Development of a Mobile Tourist Information System for People with Functional Limitations: User Behaviour Concept and Specification of Content Requirements

  • Sascha M. Sommer
  • Marion Wiethoff
  • Sari Valjakka
  • Dionisis Kehagias
  • Dimitrios Tzovaras
Part of the Lecture Notes in Computer Science book series (LNCS, volume 4061)


The paper describes the specification of content requirements for a new mobile tourist information service for people with functional limitations. The theoretical background for the specification of content requirements is based on action and activity theory. The framework enables the division of complex activities into smaller functional units in order to analyse the information needs of user groups with different types of functional limitations. The approach provides results in the form of information elements and attributes which can be easily translated into a machine-readable language.


Functional Limitation User Group Information Element Ambient Intelligence Wheelchair User 
These keywords were added by machine and not by the authors. This process is experimental and the keywords may be updated as the learning algorithm improves.


Unable to display preview. Download preview PDF.

Unable to display preview. Download preview PDF.


  1. 1.
    United Nations: Barrier-Free Tourism for People with Disabilities in the Asian and Pacific Region. United Nations Publications, New York (2003)Google Scholar
  2. 2.
    Riva, R.: The Psychology of Ambient Intelligence: Activity, Situation and Presence. In: Riva, G., Vatalaro, F., Davide, F., Alcaniz, M. (eds.) Ambient Intelligence, pp. 17–33. IOS Press, Amsterdam (2005)Google Scholar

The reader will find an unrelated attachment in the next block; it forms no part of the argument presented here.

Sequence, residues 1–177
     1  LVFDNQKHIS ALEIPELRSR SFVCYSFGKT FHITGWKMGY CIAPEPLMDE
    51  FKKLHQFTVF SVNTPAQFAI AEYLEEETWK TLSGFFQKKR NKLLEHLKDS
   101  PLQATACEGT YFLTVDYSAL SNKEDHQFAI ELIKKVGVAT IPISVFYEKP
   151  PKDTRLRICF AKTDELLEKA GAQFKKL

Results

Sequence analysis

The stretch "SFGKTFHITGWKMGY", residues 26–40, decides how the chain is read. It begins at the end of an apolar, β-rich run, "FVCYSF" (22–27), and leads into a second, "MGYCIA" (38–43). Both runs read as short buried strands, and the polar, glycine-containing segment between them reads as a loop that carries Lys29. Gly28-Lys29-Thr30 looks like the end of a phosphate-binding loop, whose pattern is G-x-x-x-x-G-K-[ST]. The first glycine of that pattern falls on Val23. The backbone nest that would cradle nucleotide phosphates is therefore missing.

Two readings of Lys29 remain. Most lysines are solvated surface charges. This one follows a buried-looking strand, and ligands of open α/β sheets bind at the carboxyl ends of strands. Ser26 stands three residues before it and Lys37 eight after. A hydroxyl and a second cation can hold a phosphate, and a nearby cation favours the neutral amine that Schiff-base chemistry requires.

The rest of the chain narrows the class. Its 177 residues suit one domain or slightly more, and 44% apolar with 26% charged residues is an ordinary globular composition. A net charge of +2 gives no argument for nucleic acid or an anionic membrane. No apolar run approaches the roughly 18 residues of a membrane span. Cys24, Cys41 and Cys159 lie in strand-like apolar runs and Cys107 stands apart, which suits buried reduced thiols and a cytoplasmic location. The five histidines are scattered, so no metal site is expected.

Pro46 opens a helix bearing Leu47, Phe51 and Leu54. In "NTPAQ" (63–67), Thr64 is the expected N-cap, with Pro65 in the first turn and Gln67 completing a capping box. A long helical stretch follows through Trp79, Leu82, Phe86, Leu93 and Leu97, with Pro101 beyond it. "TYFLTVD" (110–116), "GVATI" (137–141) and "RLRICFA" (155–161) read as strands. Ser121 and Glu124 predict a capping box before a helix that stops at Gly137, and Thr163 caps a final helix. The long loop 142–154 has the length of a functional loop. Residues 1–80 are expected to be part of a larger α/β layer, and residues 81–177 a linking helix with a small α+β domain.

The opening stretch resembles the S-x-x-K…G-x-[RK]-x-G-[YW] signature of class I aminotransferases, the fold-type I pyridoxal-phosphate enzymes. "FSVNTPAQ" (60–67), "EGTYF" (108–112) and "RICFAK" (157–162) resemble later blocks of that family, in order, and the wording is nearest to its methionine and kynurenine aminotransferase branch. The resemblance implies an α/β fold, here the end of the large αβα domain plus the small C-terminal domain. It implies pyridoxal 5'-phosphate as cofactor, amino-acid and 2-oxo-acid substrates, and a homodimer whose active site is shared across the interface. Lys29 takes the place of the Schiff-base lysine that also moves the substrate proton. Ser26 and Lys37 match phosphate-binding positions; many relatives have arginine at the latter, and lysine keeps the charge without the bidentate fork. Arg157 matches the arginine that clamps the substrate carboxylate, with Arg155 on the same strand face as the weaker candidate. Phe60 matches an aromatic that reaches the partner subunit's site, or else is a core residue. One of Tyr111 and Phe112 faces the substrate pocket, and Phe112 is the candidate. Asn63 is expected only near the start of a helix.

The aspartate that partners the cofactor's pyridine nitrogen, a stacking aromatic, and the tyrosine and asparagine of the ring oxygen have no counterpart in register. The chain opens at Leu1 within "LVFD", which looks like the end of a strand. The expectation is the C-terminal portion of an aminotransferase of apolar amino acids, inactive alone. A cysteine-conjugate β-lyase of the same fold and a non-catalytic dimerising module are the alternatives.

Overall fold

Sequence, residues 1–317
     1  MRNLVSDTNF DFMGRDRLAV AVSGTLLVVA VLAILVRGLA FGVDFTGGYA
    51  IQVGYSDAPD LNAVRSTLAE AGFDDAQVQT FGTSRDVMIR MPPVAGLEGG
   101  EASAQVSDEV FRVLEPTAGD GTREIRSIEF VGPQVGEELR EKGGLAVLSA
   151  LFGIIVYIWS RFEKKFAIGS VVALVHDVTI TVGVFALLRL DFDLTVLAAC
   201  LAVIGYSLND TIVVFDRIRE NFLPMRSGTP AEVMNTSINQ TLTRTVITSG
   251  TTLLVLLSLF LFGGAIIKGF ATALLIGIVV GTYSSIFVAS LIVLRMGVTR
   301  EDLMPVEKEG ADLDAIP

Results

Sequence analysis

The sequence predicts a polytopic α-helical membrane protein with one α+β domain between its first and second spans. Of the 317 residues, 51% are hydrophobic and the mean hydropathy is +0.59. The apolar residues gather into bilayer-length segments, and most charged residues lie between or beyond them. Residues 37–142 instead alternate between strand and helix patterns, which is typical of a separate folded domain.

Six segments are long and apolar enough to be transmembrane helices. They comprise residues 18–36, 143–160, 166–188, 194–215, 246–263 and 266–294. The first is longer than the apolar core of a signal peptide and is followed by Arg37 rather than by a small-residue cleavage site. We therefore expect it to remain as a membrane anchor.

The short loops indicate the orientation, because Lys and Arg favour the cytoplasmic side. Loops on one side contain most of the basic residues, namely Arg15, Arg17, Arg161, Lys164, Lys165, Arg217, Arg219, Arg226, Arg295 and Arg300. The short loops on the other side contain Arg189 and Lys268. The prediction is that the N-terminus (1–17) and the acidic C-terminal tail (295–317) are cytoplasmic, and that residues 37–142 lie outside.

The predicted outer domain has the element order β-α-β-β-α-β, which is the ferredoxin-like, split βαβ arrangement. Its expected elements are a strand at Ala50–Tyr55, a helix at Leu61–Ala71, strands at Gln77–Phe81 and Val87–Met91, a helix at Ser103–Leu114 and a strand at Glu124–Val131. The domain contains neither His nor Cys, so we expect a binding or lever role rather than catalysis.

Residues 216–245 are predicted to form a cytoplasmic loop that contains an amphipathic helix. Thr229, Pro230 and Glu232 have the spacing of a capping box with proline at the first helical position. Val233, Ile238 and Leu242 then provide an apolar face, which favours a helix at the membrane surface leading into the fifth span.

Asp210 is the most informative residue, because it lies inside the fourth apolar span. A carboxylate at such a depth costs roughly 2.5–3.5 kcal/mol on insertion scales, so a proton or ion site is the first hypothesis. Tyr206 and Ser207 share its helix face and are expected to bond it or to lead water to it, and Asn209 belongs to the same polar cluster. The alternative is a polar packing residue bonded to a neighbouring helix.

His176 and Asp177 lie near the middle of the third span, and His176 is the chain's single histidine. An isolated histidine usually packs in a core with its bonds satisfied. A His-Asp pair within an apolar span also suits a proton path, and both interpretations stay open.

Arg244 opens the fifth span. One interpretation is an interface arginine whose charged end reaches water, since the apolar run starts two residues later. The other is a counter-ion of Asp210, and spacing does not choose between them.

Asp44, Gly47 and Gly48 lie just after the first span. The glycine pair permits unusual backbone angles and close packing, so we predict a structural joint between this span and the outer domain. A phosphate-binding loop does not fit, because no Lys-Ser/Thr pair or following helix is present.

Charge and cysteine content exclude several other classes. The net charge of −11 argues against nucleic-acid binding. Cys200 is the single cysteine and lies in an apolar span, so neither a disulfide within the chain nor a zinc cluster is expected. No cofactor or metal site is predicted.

3. 3.
    Frese, M., Zapf, D.: Action as the Core of Work Psychology: A German Approach. In: Dunnetee, M.D., et al. (eds.) Handbook of Industrial and Organizational Psychology, vol. 4, pp. 271–340. Consulting Psychologists Press, Palo Alto (1994)Google Scholar
  4. 4.
    Kuutti, K.: Activity theory as a potential framework for human computer interaction research. In: Nielsen, J. (ed.) Usability Engineering, Academic Press, London (1993)Google Scholar
  5. 5.
    World Health Organization: International Classification of Functioning, Disability and Health (2001)Google Scholar
  6. 6.
    TELSCAN project: Inventory of ATT System Requirements for Elderly and Disabled Drivers and Travellers, Deliverable 3.1 (1997)Google Scholar
  7. 7.
    Engeström, Y.: Learning by expanding. Orienta-Konsultit, Helsinki (1987)Google Scholar
  8. 8.
    Aragall, F.: European Concept for Accessibility (ECA). Technical Assistance Manual (2003)Google Scholar
  9. 9.
    Psymarnou, M., Ekberg, J., Valjakka, S., Hanninen, S., Hofmann, J., Bekiaris, A., Maglavera, S.: Preliminary user requirements and priorities. Sport4All Deliverable D1.1. Provision of Telematic Services to the Disabled for the Diffusion of Information on Athletic Events (2003)Google Scholar
  10. 10.
    Morganti, F., Riva, R.: Ambient Intelligence for Rehabilitation. In: Riva, G., Vatalaro, F., Davide, F., Alcaniz, M. (eds.) Ambient Intelligence, pp. 283–295. IOS Press, Amsterdam (2005)Google Scholar

Copyright information

© Springer-Verlag Berlin Heidelberg 2006

Authors and Affiliations

  • Sascha M. Sommer
    • 1
  • Marion Wiethoff
    • 2
  • Sari Valjakka
    • 3
  • Dionisis Kehagias
    • 4
  • Dimitrios Tzovaras
    • 4
  1. 1.Institute for Occupational Physiology at the University of DortmundGermany
  2. 2.Technical University of DelftNetherlands
  3. 3.Research and Development Centre for Welfare and HealthFinland
  4. 4.Centre for Research and Technology Hellas / Informatics and Telematics InstituteGreece

Personalised recommendations